On Monday, the state gambling commission held a forum at North Shore Community College to develop strategies for minimizing the damages caused by problem gambling. The commission heard from gambling addicts, researchers and casino regulators.
According to the Boston Globe, Scott Seely hit a $4,500 jackpot on a slot machine at a Connecticut casino and that is when his addiction started. He ended up gambling away his life savings, ran up his credit cards, and sold off his possessions: an antique car, a motorcycle, a camper. “I ended up in my backyard with a pistol at my head,” he said. Were it not for his reluctance to leave his children without a father, reported the Globe, he would have pulled the trigger.
Seely said that the casino he frequented was aware he was in over his head, yet repeatedly plied him with perks, such as free rooms and event tickets. “They continued to make me comfortable,” he said.
Margery Egan wrote in yesterday’s Boston Herald that at one point during the forum, “an expert from the National Center for Responsible Gambling admitted we don’t know much about addictive gambling–it’s roughly what we knew about drug and alcohol addiction 40 years ago–which is a bad sign.”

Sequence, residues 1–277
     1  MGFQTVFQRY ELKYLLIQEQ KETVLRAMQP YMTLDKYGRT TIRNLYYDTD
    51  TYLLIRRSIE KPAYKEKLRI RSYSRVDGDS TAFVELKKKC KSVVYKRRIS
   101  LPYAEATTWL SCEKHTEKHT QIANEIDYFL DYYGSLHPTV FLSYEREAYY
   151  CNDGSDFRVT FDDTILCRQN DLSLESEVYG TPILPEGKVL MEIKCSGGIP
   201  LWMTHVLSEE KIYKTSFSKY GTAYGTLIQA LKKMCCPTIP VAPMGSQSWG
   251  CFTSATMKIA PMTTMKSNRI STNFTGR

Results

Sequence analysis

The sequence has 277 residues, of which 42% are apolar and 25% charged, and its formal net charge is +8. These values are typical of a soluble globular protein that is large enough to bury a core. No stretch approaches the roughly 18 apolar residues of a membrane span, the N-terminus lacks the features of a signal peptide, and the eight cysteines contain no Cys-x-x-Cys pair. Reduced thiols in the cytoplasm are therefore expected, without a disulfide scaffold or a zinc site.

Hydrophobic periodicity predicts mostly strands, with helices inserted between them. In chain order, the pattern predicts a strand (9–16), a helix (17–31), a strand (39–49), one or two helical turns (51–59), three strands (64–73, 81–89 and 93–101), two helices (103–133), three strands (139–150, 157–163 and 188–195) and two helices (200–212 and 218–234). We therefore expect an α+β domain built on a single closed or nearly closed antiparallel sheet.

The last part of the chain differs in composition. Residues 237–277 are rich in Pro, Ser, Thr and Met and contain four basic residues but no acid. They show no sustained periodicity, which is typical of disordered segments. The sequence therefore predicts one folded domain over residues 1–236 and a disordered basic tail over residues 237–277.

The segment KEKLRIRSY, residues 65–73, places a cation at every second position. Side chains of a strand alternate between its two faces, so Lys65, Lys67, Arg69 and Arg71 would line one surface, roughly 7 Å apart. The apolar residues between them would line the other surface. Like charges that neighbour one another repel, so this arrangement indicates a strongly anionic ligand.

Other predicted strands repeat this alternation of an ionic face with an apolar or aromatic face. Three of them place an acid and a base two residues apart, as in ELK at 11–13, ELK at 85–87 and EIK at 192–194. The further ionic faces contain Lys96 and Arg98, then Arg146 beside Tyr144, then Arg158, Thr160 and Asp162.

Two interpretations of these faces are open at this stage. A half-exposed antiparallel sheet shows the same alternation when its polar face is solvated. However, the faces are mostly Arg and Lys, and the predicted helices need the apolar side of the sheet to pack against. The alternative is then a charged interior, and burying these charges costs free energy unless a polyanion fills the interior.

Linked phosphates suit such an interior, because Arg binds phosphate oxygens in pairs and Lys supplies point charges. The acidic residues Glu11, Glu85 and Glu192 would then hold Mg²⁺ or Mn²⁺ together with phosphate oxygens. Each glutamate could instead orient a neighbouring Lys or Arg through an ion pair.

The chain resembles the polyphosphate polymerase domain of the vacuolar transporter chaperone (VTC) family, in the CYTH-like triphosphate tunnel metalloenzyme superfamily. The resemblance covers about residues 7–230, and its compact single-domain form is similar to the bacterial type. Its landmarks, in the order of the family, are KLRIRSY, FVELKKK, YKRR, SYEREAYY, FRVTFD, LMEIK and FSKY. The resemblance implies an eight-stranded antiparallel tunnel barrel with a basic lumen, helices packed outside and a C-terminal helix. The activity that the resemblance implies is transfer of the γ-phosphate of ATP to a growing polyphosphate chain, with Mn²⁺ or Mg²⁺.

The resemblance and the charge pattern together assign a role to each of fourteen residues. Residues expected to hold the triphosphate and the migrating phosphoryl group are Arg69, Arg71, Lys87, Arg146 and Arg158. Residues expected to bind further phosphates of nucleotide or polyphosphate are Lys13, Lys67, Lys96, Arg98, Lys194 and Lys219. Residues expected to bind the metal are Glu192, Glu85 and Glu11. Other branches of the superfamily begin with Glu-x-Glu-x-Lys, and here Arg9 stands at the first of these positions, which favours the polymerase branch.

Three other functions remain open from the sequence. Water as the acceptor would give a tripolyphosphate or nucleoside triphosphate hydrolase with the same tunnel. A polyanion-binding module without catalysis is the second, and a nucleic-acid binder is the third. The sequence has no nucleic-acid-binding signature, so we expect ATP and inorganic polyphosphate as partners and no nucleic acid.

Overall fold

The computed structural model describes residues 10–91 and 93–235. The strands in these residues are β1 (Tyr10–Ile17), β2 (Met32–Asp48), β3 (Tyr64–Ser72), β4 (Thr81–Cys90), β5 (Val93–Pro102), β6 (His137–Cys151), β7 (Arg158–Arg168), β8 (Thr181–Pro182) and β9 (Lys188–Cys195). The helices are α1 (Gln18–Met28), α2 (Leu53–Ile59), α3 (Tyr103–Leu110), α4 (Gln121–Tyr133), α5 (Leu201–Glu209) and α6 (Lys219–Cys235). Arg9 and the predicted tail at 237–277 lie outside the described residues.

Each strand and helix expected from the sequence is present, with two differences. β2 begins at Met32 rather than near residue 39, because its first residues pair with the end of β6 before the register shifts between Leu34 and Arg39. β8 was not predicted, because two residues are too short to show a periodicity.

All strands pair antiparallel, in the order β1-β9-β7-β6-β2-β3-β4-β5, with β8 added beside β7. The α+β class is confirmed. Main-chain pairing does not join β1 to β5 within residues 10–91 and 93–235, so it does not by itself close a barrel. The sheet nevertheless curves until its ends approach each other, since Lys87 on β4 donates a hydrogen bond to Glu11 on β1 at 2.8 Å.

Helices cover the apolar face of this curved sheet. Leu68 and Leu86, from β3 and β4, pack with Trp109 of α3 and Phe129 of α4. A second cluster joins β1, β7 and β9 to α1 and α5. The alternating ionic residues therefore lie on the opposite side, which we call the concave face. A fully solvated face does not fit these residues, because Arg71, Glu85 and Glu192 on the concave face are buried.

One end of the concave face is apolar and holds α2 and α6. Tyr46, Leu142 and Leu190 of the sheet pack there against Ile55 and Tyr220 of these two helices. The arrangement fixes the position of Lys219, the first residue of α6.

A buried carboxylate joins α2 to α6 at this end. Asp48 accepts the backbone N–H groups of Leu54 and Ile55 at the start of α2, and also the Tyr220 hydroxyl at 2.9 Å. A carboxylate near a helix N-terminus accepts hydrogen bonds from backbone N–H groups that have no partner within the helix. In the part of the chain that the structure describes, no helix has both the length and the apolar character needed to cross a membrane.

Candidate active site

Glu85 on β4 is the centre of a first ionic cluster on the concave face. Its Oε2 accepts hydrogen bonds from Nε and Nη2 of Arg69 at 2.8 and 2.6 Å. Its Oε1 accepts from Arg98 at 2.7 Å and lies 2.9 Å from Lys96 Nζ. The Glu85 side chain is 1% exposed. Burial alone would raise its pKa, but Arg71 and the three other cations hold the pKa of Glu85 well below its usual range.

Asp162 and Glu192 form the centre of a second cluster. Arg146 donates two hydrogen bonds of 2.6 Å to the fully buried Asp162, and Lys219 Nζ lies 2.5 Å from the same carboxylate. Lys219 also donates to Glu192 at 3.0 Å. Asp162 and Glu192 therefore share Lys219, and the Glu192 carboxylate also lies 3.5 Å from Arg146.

How exactly the panel will minimize problem gambling in Massachusetts is still to be decided. The commission discussed the possibility of launching widespread public education campaigns ahead of the opening of any casinos in an attempt to “inoculate” susceptible people before more gambling becomes available. It could also specifically reach out to high-risk groups, such as people who have other addictions.
This week, the Board of the Massachusetts Department of Elementary and Secondary Education (DESE) voted unanimously to approve the finalized version of the radical new Comprehensive Health and Physical Education Framework. We suspected they would approve the Framework eventually. But